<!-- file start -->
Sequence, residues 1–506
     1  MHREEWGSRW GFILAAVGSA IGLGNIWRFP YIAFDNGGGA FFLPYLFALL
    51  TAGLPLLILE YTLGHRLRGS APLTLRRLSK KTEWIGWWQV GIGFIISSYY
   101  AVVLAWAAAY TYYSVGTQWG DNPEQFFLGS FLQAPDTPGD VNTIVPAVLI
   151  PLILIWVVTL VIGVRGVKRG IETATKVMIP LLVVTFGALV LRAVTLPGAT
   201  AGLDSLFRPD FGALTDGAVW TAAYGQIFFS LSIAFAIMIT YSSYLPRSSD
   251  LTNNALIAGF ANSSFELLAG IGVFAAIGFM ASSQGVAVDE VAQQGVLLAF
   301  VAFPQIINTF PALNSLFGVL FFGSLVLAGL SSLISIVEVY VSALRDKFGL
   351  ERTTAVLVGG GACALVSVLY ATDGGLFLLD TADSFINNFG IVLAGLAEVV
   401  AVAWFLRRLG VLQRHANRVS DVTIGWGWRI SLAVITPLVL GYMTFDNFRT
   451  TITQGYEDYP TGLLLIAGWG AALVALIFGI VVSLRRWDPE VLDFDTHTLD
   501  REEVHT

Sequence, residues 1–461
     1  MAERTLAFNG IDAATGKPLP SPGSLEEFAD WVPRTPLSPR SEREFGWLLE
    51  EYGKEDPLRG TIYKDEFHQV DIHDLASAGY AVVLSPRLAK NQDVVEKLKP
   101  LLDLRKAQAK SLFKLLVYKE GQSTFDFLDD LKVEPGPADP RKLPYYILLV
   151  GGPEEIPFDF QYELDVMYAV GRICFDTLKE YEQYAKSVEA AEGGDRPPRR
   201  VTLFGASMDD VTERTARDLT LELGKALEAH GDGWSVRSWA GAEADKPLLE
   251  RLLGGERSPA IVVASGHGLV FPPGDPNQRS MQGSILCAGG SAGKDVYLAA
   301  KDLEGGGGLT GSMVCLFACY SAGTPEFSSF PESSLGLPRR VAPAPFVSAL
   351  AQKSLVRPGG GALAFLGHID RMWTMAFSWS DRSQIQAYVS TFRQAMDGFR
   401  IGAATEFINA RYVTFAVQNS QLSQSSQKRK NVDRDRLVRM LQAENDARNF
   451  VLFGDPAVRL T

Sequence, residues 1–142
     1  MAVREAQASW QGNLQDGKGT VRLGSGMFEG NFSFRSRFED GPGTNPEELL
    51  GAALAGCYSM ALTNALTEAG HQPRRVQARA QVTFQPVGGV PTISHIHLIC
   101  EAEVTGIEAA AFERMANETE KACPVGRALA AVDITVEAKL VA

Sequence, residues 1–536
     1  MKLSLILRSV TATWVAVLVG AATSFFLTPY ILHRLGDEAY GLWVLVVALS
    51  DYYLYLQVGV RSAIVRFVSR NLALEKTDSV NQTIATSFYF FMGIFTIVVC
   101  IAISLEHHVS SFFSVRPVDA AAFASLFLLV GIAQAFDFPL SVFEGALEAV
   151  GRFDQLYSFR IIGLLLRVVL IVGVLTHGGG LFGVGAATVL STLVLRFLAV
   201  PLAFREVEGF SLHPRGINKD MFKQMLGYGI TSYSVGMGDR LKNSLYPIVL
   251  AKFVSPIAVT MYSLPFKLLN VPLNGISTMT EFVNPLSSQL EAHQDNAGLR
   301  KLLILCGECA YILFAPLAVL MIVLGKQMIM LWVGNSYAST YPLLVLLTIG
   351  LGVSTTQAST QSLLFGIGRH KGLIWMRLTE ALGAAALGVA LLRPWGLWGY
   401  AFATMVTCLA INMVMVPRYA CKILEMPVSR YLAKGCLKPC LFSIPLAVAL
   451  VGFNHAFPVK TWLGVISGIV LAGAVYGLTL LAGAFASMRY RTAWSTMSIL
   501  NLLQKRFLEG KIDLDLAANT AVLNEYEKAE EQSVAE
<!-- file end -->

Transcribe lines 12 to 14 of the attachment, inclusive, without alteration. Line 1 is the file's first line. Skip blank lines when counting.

   501  REEVHT

Sequence, residues 1–461
     1  MAERTLAFNG IDAATGKPLP SPGSLEEFAD WVPRTPLSPR SEREFGWLLE